Taki Inoue: interview with a pay driver


‘Pay drivers’ have been a hot topic among motor sport fans for decades, perhaps now more than ever. But the notion that money equals an easy route to Formula 1 often glosses over the whole story. Enter Taki Inoue.

Arriving in Formula 1 during the ‘pay driver’ boom in the early to mid-‘90s, he was widely criticised at the time. These days he lives in Monaco and keeps busy helping young Japanese drivers in the lower formulae, reaching out to the world through his often uproarious Twitter account. In a recent poll, he voted for himself as the worst F1 driver ever and he is disarmingly frank about his time in the sport.

Taki started out in 1985 and ’86 racing in the Fuji Freshman touring car series, and immediately he felt out of his depth. “Those are bad memories for me,” he says. “Most of the drivers had huge experience in this kind of racing. For them, I was like a baby.”

In 1987, he took the plunge and moved to the UK to attend the Jim Russell Racing School at Snetterton. Speaking very little English and struggling for cash, he nonetheless returned the following year to enter Formula Ford with David Sears. But it wasn’t easy.

“At the beginning of 1988, when I came to the UK for the Formula Ford championship, I was refused entry at Heathrow immigration due to the lack of a Visa. After two weeks, I went back to Japan. When I finally managed to stay in the country, I lived in Norfolk and worked as a waiter. Immigration asked me to come see them every week.”

After the season – which brought no success but at least gave Taki valuable single-seater experience – he returned to Japan to prepare for a bold step up to British F3. But his career again hit a speed bump: “I couldn’t find any sponsorship so I was sitting around like a lemon for 20 months.”

Finally he found a seat in Japanese F3. “In 1990, before my first race at Suzuka I shunted coming out of the ‘esses’ and didn’t qualify as usual. All the sponsors arrived shortly afterwards, it was a nightmare.”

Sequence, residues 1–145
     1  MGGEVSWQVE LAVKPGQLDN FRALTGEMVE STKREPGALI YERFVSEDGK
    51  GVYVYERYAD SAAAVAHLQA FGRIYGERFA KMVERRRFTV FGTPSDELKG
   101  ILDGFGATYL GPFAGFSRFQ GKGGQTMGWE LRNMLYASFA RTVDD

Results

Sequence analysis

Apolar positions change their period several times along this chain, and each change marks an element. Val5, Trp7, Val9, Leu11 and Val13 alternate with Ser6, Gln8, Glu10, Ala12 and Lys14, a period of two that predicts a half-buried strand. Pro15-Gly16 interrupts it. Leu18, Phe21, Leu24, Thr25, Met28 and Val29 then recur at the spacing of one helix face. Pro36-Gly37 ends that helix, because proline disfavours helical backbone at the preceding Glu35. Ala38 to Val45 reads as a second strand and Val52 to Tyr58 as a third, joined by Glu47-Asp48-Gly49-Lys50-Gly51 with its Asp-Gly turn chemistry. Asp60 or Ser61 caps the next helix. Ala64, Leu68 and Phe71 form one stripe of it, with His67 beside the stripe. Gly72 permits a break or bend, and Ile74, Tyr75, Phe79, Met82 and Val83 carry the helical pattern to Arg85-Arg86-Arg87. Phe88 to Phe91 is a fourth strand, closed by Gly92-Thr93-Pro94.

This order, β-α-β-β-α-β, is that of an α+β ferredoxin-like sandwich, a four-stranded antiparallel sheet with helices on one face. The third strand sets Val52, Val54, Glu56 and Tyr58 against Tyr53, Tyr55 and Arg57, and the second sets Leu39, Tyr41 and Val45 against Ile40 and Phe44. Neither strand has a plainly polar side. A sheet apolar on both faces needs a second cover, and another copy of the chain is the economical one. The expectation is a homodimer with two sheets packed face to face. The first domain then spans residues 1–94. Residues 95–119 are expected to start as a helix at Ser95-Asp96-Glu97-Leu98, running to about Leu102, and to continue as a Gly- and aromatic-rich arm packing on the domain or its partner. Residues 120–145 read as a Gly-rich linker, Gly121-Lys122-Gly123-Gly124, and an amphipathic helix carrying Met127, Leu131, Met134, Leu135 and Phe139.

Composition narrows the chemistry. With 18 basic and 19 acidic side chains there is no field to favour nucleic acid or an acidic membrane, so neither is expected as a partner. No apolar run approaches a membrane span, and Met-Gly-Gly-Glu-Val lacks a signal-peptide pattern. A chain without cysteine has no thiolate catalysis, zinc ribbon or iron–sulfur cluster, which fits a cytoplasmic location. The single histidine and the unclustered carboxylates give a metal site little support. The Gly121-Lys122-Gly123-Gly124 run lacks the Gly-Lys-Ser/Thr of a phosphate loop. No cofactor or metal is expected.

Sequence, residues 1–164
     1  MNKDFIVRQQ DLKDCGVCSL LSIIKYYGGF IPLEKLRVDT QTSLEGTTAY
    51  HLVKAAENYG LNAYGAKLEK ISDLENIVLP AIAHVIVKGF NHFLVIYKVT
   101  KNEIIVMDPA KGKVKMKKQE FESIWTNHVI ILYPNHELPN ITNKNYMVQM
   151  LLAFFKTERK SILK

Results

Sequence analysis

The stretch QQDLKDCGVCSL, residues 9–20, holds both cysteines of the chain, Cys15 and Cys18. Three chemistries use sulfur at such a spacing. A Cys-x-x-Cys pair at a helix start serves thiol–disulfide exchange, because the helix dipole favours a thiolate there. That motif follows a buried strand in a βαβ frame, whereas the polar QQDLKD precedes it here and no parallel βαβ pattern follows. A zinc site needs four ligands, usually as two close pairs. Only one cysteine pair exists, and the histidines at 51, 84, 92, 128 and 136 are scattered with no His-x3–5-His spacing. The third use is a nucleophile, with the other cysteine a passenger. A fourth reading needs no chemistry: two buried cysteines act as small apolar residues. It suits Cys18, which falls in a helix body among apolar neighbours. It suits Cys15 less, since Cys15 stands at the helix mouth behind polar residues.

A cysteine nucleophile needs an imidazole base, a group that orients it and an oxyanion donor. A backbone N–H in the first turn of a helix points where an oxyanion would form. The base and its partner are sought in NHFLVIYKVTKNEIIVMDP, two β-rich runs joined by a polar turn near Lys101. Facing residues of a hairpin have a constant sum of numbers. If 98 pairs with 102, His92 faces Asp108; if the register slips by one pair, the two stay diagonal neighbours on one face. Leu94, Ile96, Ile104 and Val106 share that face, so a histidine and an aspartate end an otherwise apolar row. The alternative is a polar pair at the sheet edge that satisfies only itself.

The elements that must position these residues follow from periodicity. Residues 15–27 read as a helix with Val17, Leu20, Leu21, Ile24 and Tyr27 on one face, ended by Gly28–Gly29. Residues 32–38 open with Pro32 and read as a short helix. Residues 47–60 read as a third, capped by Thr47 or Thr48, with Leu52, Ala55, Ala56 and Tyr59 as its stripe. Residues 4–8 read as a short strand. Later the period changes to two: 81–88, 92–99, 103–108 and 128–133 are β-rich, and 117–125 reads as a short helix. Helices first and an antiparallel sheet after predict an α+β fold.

Taki’s form did improve over the next few seasons in Japan, scoring a couple of fourths in 1992. However, he admits, “to be honest with you, it happened by chance. Two or three cars were disqualified due to technical problems. I think in one race Jacques Villeneuve’s car was 200g lighter than the minimum weight.”

1994 saw Taki return to David Sears’ outfit for European F3. He scored no points that year but his sponsorship portfolio was growing and F1 teams took note. At the end of the year, after only 20 laps of testing at Barcelona, he made his debut at Suzuka with the struggling Simtek outfit.

It was an inauspicious start. While the huge downpour that day set the scene for Damon Hill’s greatest drive, at the back Taki was struggling. After qualifying 26th and last, he lost fifth and sixth gears at the start before aquaplaning into the pitwall on lap three. “The car felt so bad,” he says, “and it was a good thing I crashed early on because I didn’t even know what the pitstop procedure was.”

Switching to Footwork for 1995, Taki’s woes were magnified. He failed to score a point all year, his best finish being eighth at Monza, where he inadvertently caused the famous Hill/Schumacher clash. “Damon followed me then got back on his line just behind Michael, but it was too late to brake. Oh shit!”

His notoriety was firmly established well before then. After a qualifying session at Monaco, he was rear-ended by Jean Ragnotti in the safety car. The Footwork flipped and Taki was left with a concussion. Then, at the Hungaroring, he pulled over with a blown engine. As he fetched a fire extinguisher he was hit by the medical car, this time suffering a broken leg. It was a shambolic end to a weekend where he had out-qualified team-mate Max Papis for the first time. “I believe he had some technical problems,” explains Taki.

The year ended at Adelaide with another spin into retirement while Gianni Morbidelli took advantage of high attrition to finish third in the sister car. Taki signed with Minardi for 1996 but when his sponsors disappeared he was out on his ear. He dabbled unsuccessfully in sports cars, but his racing career was effectively over.

Taki Inoue’s legacy might be the butt of a few jokes – mostly his own – but the lesson here is that even if a driver makes it to F1 riding a budget rather than talent, they won’t have coasted their way to the top. Everyone’s got the same goal, but there are very different ways to achieve it; that’s the way it’s always been and it’s not likely to change.

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